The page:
7. Continue eating. Continue writing.

How This Prompt Can Strengthen Your Writing

  • Encourages you to write slowly and thoughtfully, since several steps are involved.
  • Helps you bring sensory details into your work.
  • Encourages association and memory recall.

Further Writing

  • Imagine a person eating this fruit for the first time. What would surprise them?
  • Describe how different people might approach eating a pineapple, pear, or banana. How does how they eat reflect who they are?

Variations for Writing Groups

  1. If the season is right (usually late summer or fall in the U.S.), try tasting and describing three different apple varieties.
  2. If available, compare, and describe eating an orange, tangerine, and blood orange. Or a standard lemon and a Meyer lemon. Or a grapefruit, orange, lemon, and lime. What do these different fruits conjure up for you?
  3. If available, try a fruit that is new to you. Some fruits I hadn’t eaten as a child include a star fruit (or carambola), horned melon (or kiwano), and even a fresh fig.

What did you think of this writing prompt? Share your thoughts.


Sensory Week: Smell

May 15, 2014  Prompt #14


This is among my favorite prompts, since smell brings up specific associations and memories. Plus, it’s fun to smell stuff.




  1. Find something in your house with a specific scent or odor. Looking for ideas? Consider one of these: a lemon, garlic bulb, crayons, chalk, perfume or cologne, nail polish remover, a leather baseball glove, a block of cedar, sawdust, cloves or a cinnamon stick, vinegar. (Don’t use anything toxic, of course.)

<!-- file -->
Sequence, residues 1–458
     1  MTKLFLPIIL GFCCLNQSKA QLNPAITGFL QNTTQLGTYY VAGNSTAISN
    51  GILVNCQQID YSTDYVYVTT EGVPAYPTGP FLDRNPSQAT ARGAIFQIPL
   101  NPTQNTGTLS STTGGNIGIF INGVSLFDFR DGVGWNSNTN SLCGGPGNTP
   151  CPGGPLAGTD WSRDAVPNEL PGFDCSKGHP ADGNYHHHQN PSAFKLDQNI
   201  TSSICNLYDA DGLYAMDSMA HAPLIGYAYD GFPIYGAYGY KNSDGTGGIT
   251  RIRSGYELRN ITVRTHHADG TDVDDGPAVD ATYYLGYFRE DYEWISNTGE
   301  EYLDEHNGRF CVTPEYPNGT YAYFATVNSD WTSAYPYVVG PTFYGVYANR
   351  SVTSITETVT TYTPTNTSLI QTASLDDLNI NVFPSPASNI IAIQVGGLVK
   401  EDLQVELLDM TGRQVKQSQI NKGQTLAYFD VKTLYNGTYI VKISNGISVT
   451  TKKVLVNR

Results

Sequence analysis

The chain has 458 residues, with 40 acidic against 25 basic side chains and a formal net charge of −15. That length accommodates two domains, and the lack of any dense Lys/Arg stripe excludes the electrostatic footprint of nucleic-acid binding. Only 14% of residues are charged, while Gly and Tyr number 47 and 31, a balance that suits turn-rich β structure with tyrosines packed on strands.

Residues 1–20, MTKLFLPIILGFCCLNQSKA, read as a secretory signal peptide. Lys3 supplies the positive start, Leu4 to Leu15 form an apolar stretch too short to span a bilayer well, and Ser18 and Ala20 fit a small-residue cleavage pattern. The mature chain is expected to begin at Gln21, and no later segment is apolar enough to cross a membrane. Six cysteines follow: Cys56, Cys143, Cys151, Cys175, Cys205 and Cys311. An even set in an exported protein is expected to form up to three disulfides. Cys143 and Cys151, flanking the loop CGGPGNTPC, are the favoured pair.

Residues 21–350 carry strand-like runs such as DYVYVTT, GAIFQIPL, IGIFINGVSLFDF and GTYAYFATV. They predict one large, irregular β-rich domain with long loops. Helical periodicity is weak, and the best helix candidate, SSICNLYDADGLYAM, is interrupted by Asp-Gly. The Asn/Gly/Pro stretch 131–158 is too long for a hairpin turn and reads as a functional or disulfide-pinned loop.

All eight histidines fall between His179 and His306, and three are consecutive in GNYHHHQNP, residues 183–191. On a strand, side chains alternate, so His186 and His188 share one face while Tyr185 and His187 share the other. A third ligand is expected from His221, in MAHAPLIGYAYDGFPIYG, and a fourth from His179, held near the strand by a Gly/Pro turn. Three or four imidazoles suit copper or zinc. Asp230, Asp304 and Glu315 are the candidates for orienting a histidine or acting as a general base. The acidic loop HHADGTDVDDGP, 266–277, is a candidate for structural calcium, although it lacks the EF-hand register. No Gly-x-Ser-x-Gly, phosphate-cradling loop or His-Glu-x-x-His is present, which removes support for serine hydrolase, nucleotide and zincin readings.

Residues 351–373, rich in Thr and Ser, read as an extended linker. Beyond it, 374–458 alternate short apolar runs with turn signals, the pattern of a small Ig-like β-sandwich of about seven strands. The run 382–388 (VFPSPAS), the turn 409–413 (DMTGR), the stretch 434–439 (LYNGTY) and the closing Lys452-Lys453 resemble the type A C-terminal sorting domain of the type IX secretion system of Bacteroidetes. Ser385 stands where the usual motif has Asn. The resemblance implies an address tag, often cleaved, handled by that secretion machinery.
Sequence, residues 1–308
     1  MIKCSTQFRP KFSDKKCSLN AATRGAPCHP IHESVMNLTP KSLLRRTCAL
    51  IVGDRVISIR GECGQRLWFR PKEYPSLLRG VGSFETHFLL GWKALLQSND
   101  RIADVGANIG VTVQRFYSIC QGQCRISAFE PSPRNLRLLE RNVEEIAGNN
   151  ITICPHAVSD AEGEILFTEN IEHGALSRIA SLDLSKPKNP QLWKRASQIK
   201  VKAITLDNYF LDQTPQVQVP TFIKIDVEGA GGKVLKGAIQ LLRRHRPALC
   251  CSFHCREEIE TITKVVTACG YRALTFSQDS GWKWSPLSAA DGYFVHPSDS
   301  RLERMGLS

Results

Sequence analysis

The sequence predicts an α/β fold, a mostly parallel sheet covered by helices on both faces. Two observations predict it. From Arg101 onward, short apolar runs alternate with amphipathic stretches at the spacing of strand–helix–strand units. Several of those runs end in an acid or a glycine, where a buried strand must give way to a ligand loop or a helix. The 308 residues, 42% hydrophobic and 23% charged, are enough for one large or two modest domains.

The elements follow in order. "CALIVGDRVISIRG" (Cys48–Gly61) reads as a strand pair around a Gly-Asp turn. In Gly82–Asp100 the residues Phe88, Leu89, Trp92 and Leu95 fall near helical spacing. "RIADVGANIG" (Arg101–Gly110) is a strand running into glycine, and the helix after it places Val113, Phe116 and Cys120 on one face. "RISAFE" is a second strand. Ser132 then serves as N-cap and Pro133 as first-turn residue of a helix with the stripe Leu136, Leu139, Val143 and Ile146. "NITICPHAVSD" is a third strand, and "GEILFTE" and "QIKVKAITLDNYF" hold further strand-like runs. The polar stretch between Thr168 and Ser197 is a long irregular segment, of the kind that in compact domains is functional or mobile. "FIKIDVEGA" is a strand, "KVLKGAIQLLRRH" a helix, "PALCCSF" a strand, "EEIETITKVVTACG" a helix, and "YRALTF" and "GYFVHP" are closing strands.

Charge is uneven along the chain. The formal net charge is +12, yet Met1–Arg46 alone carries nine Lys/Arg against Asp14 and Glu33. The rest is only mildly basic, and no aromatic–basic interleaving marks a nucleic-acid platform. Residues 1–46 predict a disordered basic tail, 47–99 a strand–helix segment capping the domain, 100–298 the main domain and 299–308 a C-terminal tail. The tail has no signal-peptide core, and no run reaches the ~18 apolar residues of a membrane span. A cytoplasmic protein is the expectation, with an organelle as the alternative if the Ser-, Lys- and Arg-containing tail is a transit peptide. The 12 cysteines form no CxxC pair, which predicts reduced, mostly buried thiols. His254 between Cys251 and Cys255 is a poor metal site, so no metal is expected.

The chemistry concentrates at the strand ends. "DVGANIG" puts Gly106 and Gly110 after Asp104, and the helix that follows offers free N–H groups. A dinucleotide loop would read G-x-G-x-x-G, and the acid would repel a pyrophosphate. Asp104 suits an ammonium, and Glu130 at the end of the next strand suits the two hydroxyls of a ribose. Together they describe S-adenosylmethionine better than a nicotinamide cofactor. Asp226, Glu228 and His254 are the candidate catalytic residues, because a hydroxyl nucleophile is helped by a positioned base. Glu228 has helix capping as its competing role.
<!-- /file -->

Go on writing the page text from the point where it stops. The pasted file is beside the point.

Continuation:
2. Close your eyes, bring the item to your nose, and inhale. Relax your brain and let memories and associations surface. Repeat twice more.
  3. For 15 minutes, write in response to this smell.  If, during your writing, it helps to take in the scent of the item again, sniff away!  If you need to ground your piece, write about the place with which you most associate this scent.

How This Prompt Can Strengthen Your Writing

  • Since smells are not easily categorized,  you need to think specifically about the individual scent.
  • Since smells are deeply evocative, this prompt encourages association and memory recall.

Further Writing

  • Write about the person with whom you most associate this smell.
  • Write about a different scent.  If you first wrote about a pleasing scent, try writing about a harsh one.

Variations for Writing Groups

  1. Each member brings, in a sealed and separate plastic containers, two or more object with a strong scent. Cotton balls dabbed in perfume, alcohol, pine cleaner, or vinegar work well, as well as any of the items listed above.
  2. Group members close their eyes, sniff the scents, and guess what they are.
  3. Discuss your experience of the scents with each other.
  4. Write down an action or emotion associated with the scent. (Vinegar is fear, running from the housekeeper who teases me with the open bottle.  Baking chicken is Friday night, our kitchen transformed by oranges, dripping fat, and a full table.)  From here, write for 15 more minutes.

What did you think of this writing prompt? Share your thoughts.